A few weeks ago, we talked about the importance of looking for disconfirming evidence when testing hypotheses. Indeed, this is vital, but, in some situations, supporting evidence might actually be the one helping you reach a solid conclusion. So, don’t discard it.
In some settings, disconfirming evidence is inconclusive
Bazerman and Neale, which we discussed in our previous post, reported Wason’s work that disconfirming evidence was the critical one. Wason’s work has been hugely influential over the past half century, in part because it came roughly at the same time as Popper’s approach to evidence. In the 80s, Klayman and Ha used it to shed light on what is meant by “looking for disconfirming evidence:”
“What is critical, then, is not the testing of cases that do not fit your hypothesis, but the testing of cases that are most likely to prove you wrong. […]
It is very important to distinguish between two different sense of “seeking disconfirmation.” One sense is to examine instances that you predict will not have the target property. The other sense is to examine instances you most expect to falsify, rather than verify, your hypothesis. […]
The prescriptions of Popper and Platt emphasize the importance of falsification of the hypothesis, whereas empirical investigations have focused more on the testing of instances outside the hypothesized set.” (pp. 215-216)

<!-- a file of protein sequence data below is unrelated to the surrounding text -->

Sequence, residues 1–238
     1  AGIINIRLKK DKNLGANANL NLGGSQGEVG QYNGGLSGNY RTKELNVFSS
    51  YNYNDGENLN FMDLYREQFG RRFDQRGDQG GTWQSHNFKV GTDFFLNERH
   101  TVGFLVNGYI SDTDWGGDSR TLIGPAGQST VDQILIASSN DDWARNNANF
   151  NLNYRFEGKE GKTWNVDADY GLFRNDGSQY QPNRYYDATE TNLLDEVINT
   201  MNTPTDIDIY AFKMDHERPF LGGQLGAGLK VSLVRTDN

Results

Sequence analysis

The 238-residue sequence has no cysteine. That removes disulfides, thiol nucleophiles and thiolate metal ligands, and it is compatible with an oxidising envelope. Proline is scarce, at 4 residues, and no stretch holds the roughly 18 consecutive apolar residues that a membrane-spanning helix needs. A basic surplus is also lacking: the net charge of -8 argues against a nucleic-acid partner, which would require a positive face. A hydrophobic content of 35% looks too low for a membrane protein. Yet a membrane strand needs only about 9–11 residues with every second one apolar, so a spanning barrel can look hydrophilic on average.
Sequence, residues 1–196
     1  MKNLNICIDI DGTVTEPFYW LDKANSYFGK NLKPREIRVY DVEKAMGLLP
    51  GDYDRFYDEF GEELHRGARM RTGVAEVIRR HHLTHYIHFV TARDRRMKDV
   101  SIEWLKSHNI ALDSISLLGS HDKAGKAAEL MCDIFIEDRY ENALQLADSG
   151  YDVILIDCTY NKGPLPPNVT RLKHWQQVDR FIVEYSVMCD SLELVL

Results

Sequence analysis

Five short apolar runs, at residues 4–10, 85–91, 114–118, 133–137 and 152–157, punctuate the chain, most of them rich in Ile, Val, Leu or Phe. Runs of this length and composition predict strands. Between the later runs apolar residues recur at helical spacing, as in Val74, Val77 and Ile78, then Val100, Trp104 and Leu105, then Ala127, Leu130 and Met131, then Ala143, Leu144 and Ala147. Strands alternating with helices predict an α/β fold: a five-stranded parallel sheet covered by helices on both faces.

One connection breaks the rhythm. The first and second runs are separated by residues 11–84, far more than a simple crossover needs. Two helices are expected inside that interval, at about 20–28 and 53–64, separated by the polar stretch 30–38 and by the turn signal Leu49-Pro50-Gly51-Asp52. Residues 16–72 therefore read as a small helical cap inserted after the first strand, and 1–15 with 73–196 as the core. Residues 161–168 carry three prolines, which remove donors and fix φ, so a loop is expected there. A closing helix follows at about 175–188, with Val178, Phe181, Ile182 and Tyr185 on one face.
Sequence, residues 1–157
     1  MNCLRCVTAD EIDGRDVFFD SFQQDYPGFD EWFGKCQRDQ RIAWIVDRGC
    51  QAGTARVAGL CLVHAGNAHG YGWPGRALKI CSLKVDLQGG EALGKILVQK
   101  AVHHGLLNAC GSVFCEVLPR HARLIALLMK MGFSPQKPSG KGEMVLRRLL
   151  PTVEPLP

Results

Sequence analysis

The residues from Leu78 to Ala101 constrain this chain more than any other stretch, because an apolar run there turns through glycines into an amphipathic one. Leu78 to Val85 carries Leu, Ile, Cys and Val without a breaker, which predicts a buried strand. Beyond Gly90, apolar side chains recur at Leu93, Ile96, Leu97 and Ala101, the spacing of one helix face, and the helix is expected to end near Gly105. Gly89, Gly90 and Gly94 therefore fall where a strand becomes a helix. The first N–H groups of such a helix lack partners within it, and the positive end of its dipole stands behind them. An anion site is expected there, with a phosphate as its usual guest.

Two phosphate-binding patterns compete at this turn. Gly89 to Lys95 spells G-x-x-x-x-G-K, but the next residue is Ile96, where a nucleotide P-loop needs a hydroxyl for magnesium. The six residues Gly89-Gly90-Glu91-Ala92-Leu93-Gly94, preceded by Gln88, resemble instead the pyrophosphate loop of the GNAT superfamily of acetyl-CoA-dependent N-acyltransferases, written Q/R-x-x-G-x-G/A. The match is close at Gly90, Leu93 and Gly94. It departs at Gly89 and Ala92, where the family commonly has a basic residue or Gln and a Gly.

They also pinpoint the value of a positive test strategy:
“+testing [i.e., testing hypotheses by looking at instances where the target property is hypothesized to be present] does not necessarily contradict the goal of seeking falsification.”
This agrees with findings by others (Mynatt et al. and Gorman et al.) that a combination of confirming and disconfirming evidence works best.
Account for your own bias
Klayman and Ha argue that, when testing hypotheses, our default mode is to resort to +testing. They argue that this isn’t so bad since, in some cases, this approach might be the only one that can lead to a solid conclusion. But, as Wason showed, for some types of problems, this approach can also be catastrophic.
The problem is that we seem to be hard wired to resort to positive test strategy. So you shouldn’t worry too much about doing some of that, because it comes to us naturally. Rather, you should focus on making sure you complement this +testing with searching for enough (and the right) disconfirming evidence.
Look for both types of evidence and capture your results in your issue tree
The point is that you should be looking for both types. Issue trees are useful to capture this evidence and how it relates to each of your hypothesis to help you reach appropriate conclusions.
Here, the value of the tree is to help clarify your thinking by organizing how evidence and logic support or object your hypotheses. A secondary value is that the tree serves as a repository for future reference.
Bazerman, M. H. and M. A. Neale (1992). Negotiating rationally. New York, The Free Press.
Gorman, M. E., et al. (1984). “How disconfirmatory, confirmatory and combined strategies affect group problem solving.” British journal of psychology 75(1): 65-79.
Klayman, J. and Y.-W. Ha (1987). “Confirmation, disconfirmation, and information in hypothesis testing.” Psychological review 94(2): 211.
Mynatt, C. R., et al. (1978). “Consequences of confirmation and disconfirmation in a simulated research environment.” The Quarterly Journal of Experimental Psychology 30(3): 395-406.
Wason, P. C. (1960). “On the failure to eliminate hypotheses in a conceptual task.” Quarterly journal of experimental psychology 12(3): 129-140.